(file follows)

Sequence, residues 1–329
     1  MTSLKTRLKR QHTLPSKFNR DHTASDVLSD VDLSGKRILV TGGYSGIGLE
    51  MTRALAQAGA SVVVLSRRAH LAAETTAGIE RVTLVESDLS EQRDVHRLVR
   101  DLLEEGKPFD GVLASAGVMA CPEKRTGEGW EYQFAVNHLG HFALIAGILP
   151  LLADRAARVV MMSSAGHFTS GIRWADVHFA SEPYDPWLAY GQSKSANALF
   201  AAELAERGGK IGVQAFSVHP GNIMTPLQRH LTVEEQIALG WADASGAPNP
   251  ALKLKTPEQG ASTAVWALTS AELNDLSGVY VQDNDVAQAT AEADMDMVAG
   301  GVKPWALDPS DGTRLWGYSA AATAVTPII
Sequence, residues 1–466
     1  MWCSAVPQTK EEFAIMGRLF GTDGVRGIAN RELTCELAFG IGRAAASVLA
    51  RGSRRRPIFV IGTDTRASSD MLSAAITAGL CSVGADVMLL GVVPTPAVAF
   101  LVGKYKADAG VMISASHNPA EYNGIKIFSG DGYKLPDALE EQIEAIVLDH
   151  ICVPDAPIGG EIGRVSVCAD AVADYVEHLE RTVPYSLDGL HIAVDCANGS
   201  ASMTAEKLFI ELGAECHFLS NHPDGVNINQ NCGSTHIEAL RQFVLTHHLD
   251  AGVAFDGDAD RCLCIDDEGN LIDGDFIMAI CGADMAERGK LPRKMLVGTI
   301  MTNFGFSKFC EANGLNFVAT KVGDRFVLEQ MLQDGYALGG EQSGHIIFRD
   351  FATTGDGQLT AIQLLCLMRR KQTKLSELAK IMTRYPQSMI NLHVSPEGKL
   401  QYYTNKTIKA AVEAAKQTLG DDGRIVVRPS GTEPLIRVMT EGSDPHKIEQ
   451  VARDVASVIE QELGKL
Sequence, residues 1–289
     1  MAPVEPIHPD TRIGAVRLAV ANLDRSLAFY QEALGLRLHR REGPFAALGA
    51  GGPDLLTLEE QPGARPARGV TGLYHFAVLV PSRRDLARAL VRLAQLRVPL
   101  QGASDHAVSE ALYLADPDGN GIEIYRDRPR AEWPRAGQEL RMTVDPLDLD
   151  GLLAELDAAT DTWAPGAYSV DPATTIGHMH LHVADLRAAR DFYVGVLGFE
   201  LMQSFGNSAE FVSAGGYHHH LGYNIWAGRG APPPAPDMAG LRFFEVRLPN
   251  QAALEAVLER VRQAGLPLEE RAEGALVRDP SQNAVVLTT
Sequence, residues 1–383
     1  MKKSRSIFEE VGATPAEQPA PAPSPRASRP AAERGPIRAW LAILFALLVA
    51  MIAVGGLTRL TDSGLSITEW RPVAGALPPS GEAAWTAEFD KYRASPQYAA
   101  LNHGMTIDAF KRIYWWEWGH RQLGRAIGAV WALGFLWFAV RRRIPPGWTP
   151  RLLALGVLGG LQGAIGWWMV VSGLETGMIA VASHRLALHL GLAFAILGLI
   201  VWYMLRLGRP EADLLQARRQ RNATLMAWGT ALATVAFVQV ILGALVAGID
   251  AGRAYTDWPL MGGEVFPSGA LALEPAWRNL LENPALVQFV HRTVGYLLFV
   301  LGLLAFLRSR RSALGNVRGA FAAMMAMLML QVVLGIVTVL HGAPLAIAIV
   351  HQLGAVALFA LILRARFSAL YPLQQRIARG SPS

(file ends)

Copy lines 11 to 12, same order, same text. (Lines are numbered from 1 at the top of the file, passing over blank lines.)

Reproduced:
    51  RGSRRRPIFV IGTDTRASSD MLSAAITAGL CSVGADVMLL GVVPTPAVAF
   101  LVGKYKADAG VMISASHNPA EYNGIKIFSG DGYKLPDALE EQIEAIVLDH